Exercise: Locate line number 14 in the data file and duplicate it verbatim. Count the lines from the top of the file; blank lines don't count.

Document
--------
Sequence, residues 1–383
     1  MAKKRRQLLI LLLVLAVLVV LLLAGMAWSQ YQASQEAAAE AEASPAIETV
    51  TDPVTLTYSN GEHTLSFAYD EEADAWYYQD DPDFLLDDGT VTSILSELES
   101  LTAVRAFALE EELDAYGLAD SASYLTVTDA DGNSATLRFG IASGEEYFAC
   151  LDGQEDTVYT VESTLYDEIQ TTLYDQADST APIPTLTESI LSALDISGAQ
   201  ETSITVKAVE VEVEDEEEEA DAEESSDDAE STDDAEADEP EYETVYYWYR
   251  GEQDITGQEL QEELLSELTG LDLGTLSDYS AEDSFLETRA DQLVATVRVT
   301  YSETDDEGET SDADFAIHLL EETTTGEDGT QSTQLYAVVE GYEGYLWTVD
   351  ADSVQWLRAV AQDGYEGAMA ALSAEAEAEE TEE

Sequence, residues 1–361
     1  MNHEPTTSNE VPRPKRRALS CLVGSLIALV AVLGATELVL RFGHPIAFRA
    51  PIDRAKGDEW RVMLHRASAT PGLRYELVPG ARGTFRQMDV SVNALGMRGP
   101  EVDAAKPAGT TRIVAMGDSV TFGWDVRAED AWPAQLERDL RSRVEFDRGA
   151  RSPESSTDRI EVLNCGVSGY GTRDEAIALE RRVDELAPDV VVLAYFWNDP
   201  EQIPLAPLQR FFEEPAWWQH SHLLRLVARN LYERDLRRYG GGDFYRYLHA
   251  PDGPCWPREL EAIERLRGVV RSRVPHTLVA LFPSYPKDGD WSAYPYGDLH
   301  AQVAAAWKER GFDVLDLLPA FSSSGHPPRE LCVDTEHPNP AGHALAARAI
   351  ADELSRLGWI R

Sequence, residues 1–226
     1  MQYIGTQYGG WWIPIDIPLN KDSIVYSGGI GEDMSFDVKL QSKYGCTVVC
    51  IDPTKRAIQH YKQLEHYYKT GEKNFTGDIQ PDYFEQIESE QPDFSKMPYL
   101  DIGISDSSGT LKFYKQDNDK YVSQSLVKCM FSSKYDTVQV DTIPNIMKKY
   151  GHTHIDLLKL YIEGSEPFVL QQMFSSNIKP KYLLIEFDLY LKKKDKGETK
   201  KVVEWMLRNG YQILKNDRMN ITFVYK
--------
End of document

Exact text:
   151  RSPESSTDRI EVLNCGVSGY GTRDEAIALE RRVDELAPDV VVLAYFWNDP